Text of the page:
- Common causes of jaw pain are teeth grinding (or bruxism), TMJ disorder, temporomandibular joint (TMJ) injury, or arthritis and infection
- Teeth grinding can be caused by stress, anxiety, sleep disorders, medication side effects, or a misaligned bite.
- Treatment for teeth grinding includes lifestyle changes and wearing a mouthguard while sleeping.
- Impacted wisdom teeth can cause jaw pain, so prompt removal is essential.
- TMJ disorder is complex and may be caused by teeth or jaw misalignment, arthritis, or bruxis.
Jaw pain is a common issue that various factors can cause. It can range from mildly irritating to debilitating, making speaking or eating comfortably difficult. This blog post will take an in-depth look at the most common causes of jaw pain and their solutions to get back to feeling your best.
There are many reasons why you may be experiencing jaw pain. Still, some common causes include teeth grinding, TMJ disorder, temporomandibular joint (TMJ) injury or arthritis, and infection. Here’s a closer look at each one.
Teeth grinding (or bruxism)
Teeth grinding, or bruxism is when the upper and lower teeth rub together forcefully during sleeping or awake periods. It can happen involuntarily while asleep or awake, such as when you’re concentrating on something or during stressful situations. The constant strain of teeth clenching can cause severe issues with your oral health if left unaddressed.
What Causes Teeth Grinding?
The exact cause of bruxism isn’t always clear; however, some of the most common contributing factors are stress, anxiety, sleep disorders like insomnia and sleep apnea, side effects from certain medications and drugs (such as Adderall), misaligned bite (malocclusion), alcohol use disorder and caffeine intake.
Some people may even grind their teeth due to genetics or an unconscious habit they picked up when they were younger. In any case, if you’re experiencing chronic jaw pain or discomfort due to clenching your teeth for long periods throughout the day or night, it’s essential to consult with an orthodontist who can help diagnose the root cause of the issue and provide treatment options that are best suited for you.
How To Stop Teeth Grinding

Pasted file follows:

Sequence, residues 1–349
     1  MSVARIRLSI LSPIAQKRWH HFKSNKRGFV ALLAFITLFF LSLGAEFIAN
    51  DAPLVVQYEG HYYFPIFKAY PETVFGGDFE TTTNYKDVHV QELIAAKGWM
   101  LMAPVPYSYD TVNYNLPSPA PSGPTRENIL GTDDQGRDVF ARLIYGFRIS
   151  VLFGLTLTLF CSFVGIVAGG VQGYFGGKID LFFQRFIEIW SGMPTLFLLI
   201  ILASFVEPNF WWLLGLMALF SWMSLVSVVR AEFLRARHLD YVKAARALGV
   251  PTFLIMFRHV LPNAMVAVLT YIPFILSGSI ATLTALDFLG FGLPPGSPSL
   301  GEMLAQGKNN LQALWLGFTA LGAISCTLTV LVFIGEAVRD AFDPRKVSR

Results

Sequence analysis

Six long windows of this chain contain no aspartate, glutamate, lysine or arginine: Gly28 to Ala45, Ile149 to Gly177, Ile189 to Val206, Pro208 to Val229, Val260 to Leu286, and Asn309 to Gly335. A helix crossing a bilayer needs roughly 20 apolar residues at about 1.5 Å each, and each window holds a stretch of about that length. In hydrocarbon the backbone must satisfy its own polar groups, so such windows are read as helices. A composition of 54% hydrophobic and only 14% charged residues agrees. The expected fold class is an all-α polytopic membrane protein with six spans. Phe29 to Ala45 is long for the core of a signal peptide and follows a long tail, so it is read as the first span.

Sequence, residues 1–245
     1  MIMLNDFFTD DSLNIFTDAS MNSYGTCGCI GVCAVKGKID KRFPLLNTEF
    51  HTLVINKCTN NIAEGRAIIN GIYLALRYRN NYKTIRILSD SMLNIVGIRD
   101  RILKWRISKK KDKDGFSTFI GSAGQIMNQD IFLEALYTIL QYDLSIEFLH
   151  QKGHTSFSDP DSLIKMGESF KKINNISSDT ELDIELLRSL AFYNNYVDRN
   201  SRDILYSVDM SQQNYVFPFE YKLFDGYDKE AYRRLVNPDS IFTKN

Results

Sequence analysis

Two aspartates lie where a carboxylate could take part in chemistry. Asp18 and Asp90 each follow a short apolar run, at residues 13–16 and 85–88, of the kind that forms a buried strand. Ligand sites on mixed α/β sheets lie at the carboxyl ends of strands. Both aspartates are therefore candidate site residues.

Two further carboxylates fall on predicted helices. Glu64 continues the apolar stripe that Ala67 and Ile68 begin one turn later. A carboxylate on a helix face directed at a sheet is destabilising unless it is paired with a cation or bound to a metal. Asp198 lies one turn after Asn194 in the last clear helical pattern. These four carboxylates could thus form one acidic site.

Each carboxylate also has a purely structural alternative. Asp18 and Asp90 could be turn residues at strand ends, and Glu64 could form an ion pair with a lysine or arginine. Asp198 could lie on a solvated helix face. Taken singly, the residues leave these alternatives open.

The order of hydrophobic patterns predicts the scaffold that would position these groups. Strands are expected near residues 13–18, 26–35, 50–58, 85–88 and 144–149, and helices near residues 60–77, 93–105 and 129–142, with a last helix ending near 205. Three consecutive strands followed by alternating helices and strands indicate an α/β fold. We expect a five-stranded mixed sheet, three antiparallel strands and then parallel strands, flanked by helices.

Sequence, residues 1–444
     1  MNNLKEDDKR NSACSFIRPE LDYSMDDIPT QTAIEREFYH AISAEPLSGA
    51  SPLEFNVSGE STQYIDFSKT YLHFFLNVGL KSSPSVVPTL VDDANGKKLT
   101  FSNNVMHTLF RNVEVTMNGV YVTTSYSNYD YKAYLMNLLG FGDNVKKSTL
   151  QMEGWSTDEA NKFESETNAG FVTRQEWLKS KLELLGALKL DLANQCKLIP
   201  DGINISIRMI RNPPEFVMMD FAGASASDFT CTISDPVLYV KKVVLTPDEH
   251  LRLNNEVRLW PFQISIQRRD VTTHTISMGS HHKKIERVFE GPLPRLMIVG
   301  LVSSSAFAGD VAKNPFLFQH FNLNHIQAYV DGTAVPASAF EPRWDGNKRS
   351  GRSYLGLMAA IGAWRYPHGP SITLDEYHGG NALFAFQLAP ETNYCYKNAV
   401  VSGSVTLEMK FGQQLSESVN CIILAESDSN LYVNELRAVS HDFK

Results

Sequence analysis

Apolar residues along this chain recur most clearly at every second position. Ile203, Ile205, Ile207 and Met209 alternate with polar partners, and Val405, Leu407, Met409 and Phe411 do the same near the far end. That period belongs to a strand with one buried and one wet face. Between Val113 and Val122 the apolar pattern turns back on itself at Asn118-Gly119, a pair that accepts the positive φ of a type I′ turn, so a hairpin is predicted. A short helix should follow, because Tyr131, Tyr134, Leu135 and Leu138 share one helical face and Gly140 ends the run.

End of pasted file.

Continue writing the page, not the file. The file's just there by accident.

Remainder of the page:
Several methods are often used to help treat bruxism, including lifestyle changes such as reducing stress, quitting smoking, and avoiding caffeine or alcohol. Additionally, your dentist may suggest wearing a mouthguard while sleeping to help prevent teeth grinding or clenching.
The guard will act as a cushion for the teeth, protecting them from damage due to grinding and clenching. If misaligned bites contribute to your bruxism, an orthodontic treatment such as braces or Invisalign can help correct the misalignment and reduce the risk of teeth grinding.
Impacted Wisdom Teeth
Wisdom teeth often cause jaw pain because they don’t have enough room in the jaw to erupt correctly. When this happens, it can cause pressure on adjacent teeth and result in swelling, soreness, discomfort, or pain in the jaw area.
Prompt wisdom teeth removal is essential, especially if they are causing any discomfort or pain in the jaw area. Your dentist can determine if wisdom teeth removal is necessary, and they can refer you to an oral surgeon who can perform the procedure safely and effectively.
Temporomandibular Joint (TMJ) disorder
TMJ disorder is a complex condition that affects the temporomandibular joint and the muscles that control it. It can cause many symptoms, including pain, stiffness, clicking or popping sounds when opening and closing the mouth, jaw locking, and even headaches.
The exact cause of TMJ disorder is unknown, but many factors may contribute to its development. These include misalignment of the teeth or jaw, arthritis, teeth grinding or clenching during sleep (bruxism), physical injury to the face or jaw area, and stress. It can sometimes be caused by an underlying medical condition such as osteoarthritis, rheumatoid arthritis, or fibromyalgia.
You must visit your dentist for a diagnosis if you suspect you have TMJ disorder. Your dentist will perform a physical examination to assess your jaw function and check for any signs of inflammation or tenderness in your jaw area. They may also ask you questions about your overall health history and how often you experience pain and other symptoms related to TMJ disorder.
Injury or arthritis
Injury or arthritis of the temporomandibular joint can cause severe discomfort in the jaw area and headaches, neck pain, earache, and dizziness. Depending on the severity of your injury or the level of arthritis present, treatment may involve anti-inflammatory medications such as ibuprofen; physical therapy; steroid injections, or a combination thereof.
It’s important to note that not all jaw pain is caused by these issues mentioned above—it could also be related to dental problems like cavities—but these are some of the most common culprits behind persistent discomfort in this area of our bodies.
If you’re experiencing frequent bouts of jaw pain, make sure you visit a doctor specializing in diagnosing and treating oral health issues, so they can get you back on track toward living without any unnecessary suffering!